11.1 is presented fully in 1080i high-definition over-the-air and over Dish and DirecTV, while 11.2 and 11.3 are in a standard definition widescreen format for local news, network and syndicated programming meant for high definition broadcast. Spectrum provides the 11.2 and 11.3 subchannels in the 720p formats preferred by Fox and ABC, on channels 786 (13 standard definition) and 782 (12 standard definition), respectively.

ProgrammingEdit

WBKB-TVEdit

WBKB-TV's main channel clears the entire CBS schedule. Syndicated programming on WBKB-TV includes Wheel of Fortune, Jeopardy!, Live with Kelly and Ryan, and The Ellen DeGeneres Show.[5]

WBKB-DT2Edit

WBKB-DT2 clears most of the Fox schedule, except for Xploration Station; WBKB-DT2 instead relies on the open syndication market for E/I compliant programming. WBKB-DT2 also clears the entire MyNetworkTV schedule which, as previously stated, airs immediately following Fox's primetime lineup. Syndicated programming on WBKB-DT2 includes Entertainment Tonight, Inside Edition, and NBCUniversal Television Distribution's conflict talk shows, including Jerry Springer and Maury.[5]

WBKB-DT3Edit

WBKB-DT3 clears most of the ABC schedule, but like WBKB-DT2, preempts Litton's Weekend Adventure in favor of E/I compliant programming from the open market. WBKB-DT3 also serves as the local outlet of the Detroit Lions Television Network, carrying the Lions' preseason football games and their coach's show. Syndicated programming on WBKB-DT3 includes Rachael Ray and Judge Judy.[5]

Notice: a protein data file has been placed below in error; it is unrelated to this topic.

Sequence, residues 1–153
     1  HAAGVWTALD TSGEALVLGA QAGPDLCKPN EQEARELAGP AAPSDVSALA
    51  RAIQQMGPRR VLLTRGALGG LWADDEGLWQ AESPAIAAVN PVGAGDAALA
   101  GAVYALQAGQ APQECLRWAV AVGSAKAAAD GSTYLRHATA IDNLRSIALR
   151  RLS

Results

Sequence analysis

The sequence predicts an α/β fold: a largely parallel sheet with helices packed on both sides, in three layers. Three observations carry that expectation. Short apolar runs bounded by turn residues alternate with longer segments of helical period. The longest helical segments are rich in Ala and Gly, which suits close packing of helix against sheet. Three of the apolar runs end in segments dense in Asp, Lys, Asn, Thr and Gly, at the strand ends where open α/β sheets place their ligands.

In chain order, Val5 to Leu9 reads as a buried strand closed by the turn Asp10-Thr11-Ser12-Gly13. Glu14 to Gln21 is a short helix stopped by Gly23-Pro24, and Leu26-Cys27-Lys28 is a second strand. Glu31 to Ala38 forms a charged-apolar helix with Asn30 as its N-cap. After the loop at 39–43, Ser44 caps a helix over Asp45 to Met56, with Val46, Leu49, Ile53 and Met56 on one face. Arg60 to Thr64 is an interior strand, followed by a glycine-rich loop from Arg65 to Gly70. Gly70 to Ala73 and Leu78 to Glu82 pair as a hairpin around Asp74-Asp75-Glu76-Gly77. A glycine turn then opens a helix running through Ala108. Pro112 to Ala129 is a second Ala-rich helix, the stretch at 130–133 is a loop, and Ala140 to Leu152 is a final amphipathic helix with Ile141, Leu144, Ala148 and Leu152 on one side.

NewscastsEdit

Shortly after Stephan Marks acquired WBKB, newscasts known as UGN News (with "UGN" meaning "Upper Great <Lakes> Network") began to be simulcast with WBKP/WBUP in Marquette. Likewise, the programs featured regional news and weather coverage from the entire Upper and Northern Lower Peninsulas. In 2006, UGN News was re-focused to the Upper Peninsula and only originated from WBKP/WBUP. Currently, WBKB only airs local news weeknights at 6 and every night at 11 ET. All on-air personnel at the station perform "one-man-band" journalism duties such as shooting video, editing coverage, and producing the newscasts. With the addition of ABC programming to its third digital subchannel, WBKB finally launched its first ever weekday morning show (as of February 2013). The nightly newscasts are simulcast on WBKB's CBS and ABC channels. In March 2019, the station upgraded their news operation to high definition, among the last in the United States to do so.

ReferencesEdit

External linksEdit